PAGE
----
This book is about the influence of varying theological conceptions of contingency and necessity on two versions of the mechanical philosophy in the seventeenth century. Pierre Gassendi (1592-1655) and Rene; Descartes (1596-1650) both believed that all natural phenomena could be explained in terms of matter and motion alone. They disagreed about the details of their mechanical accounts of the world, in particular about their theories of matter and their approaches to scientific method. This book traces their differences back to theological (...) presuppositions they inherited from the Middle Ages. Theological ideas were transformed into philosophical and scientific ideas which led to the emergence of different styles of science in the second half of the seventeenth century. (shrink)
Writing about the history of science and the history of philosophy involves assumptions about the role of context and about the relationships between past and present ideas. Some historians emphasize the context, concentrating on the intellectual, personal, and social factors that affect the way earlier thinkers have approached their subject. Analytic philosophers take a critical approach, considering the logic and merit of the arguments of past thinkers almost as though they are engaging in contemporary debates. Some philosophers use the ideas (...) of historical figures to support their own philosophical agendas. Scholarly studies of the French natural philosopher Pierre Gassendi (1592–1655) exemplify many of these .. (shrink)
The purpose of this paper is to argue that descartes' views on the status of eternal truths and the laws of nature derive from his views about the nature of god's relationship to the creation. Just as his theology is not strictly intellectualist, But contains some components of voluntarism, So his ontology is a mixture of realism and nominalism, And his epistemology of science is a mixture of rationalism and empiricism.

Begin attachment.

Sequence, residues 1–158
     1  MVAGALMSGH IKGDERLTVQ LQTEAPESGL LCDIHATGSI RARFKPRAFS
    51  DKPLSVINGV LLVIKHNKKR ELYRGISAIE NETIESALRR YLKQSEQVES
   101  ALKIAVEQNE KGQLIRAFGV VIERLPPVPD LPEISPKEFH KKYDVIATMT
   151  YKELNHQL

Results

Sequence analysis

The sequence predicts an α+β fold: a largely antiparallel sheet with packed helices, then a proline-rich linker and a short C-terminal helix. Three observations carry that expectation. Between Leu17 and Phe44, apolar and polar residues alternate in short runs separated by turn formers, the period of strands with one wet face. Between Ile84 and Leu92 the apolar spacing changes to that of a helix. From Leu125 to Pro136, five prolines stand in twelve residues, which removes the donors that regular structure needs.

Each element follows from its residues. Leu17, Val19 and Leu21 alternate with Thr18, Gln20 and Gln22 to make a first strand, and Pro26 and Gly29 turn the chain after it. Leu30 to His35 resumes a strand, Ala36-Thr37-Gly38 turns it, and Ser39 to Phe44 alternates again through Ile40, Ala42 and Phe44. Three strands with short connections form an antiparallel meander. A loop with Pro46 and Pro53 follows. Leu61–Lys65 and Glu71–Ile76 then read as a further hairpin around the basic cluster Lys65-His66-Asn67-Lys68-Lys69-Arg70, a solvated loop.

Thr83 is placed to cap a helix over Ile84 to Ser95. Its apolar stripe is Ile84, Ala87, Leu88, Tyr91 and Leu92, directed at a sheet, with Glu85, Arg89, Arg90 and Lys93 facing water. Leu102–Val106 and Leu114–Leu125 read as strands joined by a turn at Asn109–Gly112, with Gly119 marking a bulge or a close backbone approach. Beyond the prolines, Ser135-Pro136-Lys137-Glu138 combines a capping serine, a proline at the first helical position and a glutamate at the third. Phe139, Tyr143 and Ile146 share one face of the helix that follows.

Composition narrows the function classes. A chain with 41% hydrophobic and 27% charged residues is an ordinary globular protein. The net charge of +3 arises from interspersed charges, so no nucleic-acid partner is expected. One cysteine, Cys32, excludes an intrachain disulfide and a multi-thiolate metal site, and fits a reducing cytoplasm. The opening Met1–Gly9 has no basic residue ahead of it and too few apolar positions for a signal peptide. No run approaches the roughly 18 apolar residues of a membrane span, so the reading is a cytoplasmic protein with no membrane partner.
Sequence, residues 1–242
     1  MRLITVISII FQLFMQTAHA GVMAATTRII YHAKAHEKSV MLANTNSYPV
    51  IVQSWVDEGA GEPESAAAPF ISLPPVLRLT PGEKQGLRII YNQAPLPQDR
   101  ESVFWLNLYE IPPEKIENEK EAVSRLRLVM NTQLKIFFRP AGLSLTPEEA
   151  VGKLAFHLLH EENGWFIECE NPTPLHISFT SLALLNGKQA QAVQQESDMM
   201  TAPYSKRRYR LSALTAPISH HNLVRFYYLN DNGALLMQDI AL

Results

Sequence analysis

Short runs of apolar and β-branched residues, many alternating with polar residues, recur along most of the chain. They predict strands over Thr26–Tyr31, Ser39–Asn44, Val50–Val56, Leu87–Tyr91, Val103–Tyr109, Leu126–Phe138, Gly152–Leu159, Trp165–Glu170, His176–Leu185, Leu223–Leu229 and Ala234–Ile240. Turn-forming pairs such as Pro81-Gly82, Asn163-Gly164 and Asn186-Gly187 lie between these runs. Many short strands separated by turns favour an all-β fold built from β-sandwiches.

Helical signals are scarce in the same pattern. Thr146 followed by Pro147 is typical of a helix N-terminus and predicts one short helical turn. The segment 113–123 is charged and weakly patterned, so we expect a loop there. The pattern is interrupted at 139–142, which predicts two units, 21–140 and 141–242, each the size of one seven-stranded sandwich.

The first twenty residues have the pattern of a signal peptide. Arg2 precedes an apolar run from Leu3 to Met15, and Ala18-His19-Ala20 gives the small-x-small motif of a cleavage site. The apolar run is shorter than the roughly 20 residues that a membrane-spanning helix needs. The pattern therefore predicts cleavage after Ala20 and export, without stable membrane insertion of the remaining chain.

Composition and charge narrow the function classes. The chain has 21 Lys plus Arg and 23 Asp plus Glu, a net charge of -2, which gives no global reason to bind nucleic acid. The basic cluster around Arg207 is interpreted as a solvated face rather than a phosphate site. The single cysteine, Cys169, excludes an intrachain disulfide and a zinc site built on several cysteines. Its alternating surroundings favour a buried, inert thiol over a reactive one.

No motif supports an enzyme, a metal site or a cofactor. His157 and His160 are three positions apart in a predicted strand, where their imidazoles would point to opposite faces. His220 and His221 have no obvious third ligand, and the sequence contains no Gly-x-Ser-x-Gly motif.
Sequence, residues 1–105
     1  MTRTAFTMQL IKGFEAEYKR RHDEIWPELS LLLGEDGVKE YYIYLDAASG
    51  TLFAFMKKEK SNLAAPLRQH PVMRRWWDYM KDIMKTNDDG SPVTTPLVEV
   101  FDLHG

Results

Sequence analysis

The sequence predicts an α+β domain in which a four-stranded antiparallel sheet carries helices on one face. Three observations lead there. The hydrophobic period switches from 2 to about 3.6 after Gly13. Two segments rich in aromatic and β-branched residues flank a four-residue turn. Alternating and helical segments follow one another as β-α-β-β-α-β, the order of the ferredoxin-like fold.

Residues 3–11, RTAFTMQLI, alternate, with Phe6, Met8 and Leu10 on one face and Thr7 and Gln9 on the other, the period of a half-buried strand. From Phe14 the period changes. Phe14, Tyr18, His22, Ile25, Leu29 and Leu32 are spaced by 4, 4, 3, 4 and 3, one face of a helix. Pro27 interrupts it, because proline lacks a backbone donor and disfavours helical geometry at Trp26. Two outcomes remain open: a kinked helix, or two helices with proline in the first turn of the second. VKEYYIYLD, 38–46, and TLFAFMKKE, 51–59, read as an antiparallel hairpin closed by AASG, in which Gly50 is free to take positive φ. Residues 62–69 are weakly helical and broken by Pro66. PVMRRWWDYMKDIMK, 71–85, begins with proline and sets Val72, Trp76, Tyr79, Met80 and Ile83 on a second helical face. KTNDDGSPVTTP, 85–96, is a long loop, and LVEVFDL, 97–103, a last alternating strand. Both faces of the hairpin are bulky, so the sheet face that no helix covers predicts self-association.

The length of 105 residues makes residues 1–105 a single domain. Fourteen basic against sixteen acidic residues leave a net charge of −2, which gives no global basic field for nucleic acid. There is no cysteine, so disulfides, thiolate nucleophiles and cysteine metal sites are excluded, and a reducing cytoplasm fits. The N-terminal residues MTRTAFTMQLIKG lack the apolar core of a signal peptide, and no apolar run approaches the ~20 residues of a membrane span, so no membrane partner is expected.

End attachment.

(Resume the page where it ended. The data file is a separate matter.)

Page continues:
Professor Margaret Jo Osler of the University of Calgary, an historian of early modern science and philosophy (and a member of the Board of Directors of the Journal of the History of Philosophy since 2002) died on September 15, 2010. Born on November 27, 1942, she proudly proclaimed herself to be a "red diaper baby" and particularly delighted in telling her right-wing friends how her middle name was her parents' homage to Stalin. An energetic scholar with a vibrant and (...) positive personality, Maggie, as everyone who worked with her came to call her, never considered retirement and was actively working right up to her diagnosis with pancreatic cancer in early July, 2010.After graduating from Swarthmore College in .. (shrink)
This essay reviews some of the issues associated with the challenge of integrating the concepts of medical professionalism into the socialization and identity formation of the undergraduate medical student. A narrative-based approach to the integration of professionalism in medical education proposed by Coulehan (Acad Med 80(10):892–898, 2005) offers an appealing method to accomplish the task in a less didactic format and in a way that promotes more personal growth. In this essay, I review how the Osler Student Societies of (...) the University of Texas Medical Branch developed and how they offer a convenient vehicle to carry out this narrative-based approach to professionalism. Through mentor-modeled professional behavior, opportunities for student self-reflection, the development of narrative skills through reflection on great literature, and opportunities for community service, the Osler Student Societies provide a ready-made narrative-based approach to medical professionalism education. (shrink)